No taxes – No $900 Bonus!

Just to follow up on my blog about the Rudd Stimulus Package: The Age has reported that some people haven’t recieived the $900 amount even though they lodged a tax return of less than $100,000.

The article provides a few examples of people who aren’t receiving them and casts them in a sympathetic light. I don’t quite agree with the side The Age is representing here and this example proves why:

A Melbourne freelance documentary maker, Kerry, said she was shocked to discover she would not receive the bonus, which she has planned to pay towards her mortgage.

“I could claim on the documentary, which meant the small amount I did pay I got completely reimbursed,” she said. “So even though I’m a low income earner and my children both live at home and I was really depending on that $900, they are aged 19 and 20 so it’s just meant that I haven’t fallen into any of the eligibility areas. ”

“The fact that I’ve fallen through the cracks has absolutely destroyed me”

I can see why it may be unfair that they aren’t receiving the stimulus, but when they receive a large amount of tax deductions do they really need a $900 bonus as well? The use of words such as “shocked” and “destroyed” imply that Kerry is really suffering but the fact is she didn’t pay any tax so should she be eligible for the $900 that we have all paid for in our own taxes?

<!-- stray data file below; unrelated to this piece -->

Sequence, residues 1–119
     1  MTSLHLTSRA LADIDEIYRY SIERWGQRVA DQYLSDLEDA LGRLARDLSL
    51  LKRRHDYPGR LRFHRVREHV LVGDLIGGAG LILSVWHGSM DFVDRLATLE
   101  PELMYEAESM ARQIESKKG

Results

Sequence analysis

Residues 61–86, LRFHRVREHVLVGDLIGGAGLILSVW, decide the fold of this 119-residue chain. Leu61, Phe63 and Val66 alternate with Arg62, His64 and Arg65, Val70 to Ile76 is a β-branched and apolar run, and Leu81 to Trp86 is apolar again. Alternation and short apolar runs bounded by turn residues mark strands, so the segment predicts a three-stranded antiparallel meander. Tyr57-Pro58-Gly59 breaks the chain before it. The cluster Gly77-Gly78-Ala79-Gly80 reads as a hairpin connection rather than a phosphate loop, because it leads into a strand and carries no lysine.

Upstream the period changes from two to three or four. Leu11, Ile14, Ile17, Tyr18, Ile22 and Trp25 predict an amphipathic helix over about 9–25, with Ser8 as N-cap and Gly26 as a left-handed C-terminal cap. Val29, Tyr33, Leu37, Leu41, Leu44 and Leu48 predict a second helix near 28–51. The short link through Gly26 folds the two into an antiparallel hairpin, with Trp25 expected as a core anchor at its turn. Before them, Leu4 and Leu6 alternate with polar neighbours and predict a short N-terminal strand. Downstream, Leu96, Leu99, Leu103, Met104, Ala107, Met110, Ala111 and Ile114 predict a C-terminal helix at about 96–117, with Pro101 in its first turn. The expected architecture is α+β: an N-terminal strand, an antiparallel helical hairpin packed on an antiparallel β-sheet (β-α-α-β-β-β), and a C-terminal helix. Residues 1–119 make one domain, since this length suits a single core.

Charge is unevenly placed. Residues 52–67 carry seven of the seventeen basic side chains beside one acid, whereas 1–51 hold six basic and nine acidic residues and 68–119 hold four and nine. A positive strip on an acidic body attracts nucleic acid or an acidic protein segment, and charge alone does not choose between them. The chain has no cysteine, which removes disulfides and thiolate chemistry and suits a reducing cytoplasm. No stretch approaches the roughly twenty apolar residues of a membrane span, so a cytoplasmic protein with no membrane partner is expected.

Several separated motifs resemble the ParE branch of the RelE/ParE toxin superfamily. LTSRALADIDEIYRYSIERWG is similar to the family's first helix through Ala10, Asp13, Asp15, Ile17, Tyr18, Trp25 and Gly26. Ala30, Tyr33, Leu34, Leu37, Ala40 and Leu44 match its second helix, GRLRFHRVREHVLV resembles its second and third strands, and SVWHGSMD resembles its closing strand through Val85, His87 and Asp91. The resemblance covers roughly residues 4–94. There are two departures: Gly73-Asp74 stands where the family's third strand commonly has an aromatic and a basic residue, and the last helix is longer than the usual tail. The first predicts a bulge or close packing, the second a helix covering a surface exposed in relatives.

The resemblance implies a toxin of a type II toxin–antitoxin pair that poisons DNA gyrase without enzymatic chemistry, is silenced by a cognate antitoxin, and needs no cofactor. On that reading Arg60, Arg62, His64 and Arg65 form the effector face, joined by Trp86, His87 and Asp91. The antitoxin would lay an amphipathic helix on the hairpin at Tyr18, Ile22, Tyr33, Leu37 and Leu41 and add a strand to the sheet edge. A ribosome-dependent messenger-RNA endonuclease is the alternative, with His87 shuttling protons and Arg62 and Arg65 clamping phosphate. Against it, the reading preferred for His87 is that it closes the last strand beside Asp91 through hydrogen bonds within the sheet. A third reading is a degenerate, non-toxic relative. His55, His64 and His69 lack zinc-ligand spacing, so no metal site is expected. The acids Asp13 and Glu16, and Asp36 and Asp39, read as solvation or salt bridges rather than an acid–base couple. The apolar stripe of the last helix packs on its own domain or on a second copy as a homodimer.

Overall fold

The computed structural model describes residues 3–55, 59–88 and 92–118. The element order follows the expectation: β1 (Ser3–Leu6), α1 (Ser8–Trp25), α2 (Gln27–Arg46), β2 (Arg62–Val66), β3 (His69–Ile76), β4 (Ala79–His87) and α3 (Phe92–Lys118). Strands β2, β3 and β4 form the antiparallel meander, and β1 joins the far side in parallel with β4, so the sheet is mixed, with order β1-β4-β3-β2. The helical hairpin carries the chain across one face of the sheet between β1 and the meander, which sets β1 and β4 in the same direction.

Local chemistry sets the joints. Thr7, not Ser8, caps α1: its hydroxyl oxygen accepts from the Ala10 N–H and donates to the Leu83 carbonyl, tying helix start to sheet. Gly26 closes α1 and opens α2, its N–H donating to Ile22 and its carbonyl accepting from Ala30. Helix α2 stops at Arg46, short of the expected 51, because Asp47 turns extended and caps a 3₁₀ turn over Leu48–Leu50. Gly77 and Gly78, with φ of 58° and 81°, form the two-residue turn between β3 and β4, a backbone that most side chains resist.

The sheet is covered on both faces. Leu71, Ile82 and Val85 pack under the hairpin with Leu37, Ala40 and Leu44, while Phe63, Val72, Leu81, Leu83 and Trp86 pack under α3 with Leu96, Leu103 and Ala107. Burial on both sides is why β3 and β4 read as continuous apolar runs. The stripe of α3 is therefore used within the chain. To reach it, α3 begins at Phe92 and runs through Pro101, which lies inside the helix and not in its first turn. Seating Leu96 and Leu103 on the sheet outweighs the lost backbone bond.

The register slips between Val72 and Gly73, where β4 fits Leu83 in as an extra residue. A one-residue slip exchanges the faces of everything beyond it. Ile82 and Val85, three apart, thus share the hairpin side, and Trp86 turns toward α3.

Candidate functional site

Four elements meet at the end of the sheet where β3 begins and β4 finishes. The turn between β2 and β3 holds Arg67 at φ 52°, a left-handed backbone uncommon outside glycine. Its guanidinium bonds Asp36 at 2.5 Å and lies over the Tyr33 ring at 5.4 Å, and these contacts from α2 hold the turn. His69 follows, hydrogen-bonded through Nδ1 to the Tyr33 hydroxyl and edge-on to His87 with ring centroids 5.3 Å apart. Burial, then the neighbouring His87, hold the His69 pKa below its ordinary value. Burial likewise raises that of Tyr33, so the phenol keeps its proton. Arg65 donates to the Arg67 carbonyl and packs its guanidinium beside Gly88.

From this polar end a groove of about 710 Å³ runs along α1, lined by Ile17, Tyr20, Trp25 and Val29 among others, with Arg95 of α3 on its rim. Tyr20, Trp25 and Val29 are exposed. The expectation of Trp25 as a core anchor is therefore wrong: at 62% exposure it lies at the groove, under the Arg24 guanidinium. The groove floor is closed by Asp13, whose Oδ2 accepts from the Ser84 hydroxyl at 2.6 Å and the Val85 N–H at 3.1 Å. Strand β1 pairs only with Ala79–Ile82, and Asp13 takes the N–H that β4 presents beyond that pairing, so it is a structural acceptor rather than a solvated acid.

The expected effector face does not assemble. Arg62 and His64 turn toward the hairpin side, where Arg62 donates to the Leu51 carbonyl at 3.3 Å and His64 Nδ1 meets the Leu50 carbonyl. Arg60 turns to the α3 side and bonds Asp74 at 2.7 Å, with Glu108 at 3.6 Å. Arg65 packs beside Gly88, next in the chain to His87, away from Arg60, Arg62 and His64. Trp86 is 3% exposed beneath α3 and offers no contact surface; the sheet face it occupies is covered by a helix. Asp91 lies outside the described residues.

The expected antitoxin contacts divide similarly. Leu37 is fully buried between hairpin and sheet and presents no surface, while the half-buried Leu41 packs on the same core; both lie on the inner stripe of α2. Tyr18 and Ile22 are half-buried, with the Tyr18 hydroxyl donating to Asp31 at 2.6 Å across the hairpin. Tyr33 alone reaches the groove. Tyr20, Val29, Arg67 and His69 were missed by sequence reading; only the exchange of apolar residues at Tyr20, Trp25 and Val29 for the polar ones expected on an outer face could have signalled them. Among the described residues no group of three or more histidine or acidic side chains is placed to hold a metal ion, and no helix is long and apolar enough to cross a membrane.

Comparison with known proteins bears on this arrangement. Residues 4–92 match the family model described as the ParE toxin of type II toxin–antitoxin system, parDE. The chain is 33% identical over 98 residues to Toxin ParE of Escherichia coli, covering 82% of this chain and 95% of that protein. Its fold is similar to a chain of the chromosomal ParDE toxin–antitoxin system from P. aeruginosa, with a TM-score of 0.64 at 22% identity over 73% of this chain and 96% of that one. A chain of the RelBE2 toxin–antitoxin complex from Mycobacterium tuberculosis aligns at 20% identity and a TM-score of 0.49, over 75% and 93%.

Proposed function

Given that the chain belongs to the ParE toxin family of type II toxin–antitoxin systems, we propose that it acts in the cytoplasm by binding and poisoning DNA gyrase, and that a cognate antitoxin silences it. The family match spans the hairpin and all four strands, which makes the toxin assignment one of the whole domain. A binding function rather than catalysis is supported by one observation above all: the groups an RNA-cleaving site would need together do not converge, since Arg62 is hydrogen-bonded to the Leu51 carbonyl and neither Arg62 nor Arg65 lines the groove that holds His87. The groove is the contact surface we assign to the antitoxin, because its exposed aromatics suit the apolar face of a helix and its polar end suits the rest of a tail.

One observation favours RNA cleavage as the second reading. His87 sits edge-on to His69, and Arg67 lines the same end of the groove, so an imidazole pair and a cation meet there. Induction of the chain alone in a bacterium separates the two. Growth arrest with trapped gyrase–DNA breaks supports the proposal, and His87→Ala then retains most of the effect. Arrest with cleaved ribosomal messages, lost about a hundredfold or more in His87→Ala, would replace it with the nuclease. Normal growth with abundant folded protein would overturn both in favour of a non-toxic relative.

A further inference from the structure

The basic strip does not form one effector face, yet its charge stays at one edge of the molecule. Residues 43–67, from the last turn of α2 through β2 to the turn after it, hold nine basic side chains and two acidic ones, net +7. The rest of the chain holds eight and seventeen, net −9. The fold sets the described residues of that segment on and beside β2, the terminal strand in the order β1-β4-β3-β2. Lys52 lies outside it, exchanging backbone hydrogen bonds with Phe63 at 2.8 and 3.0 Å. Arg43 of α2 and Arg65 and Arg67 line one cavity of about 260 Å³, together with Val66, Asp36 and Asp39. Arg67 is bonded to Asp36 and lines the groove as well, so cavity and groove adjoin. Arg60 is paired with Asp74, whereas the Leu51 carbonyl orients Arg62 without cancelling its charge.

Published in: on May 11, 2009 at 6:56 am  Leave a Comment  

The 900 Dollar Answer


Kevin Rudd Photo: Bloomberg

Kevin Rudd Photo: Bloomberg

The big question on the media lips – has Kevin Rudd’s Stimulus Package been successful?


NSW Treasurer, Michael Costa, said the Rudd Stimulus, worth more than $50 million was a complete disaster  and has failed to create jobs. Costa said the Government had been confused and rushed into the decision in response to the economic crisis.

“The issue comes down to how many jobs did you save from that level of spending, and the cost-benefit of a stimulus becomes an issue,” he told Sky News on Monday. “It also means worthy projects that may well have positioned us for the recovery are not going to be there.

The Sydney Morning Herald reported on Costa’s announcement but did not appear to argue either side. However the article did report on Costa’s criticism against Rudd’s essay in the Monthly Magazine back in February. Rudd gives an analysis of the causes of the global financial crisis in the essay, and by linking Costa’s remarks on this with his criticism of the Stimulus package the SMH could be subtly making a criticism of their own.

I found an article in the Business Spectator quite interesting. The article argues that the increased Government involvement is having a negative affect on the economy and that the Governments “spending spree” is not a sufficient solution to our economic problems.

It is the supply side of the economy that matters most. And yet our current policies actually harm the productive capacity of our economy. The main consequences from current policies will be bigger government, less-efficient government, and more political risk. All of these things are a constraint on the supply-side of the economy.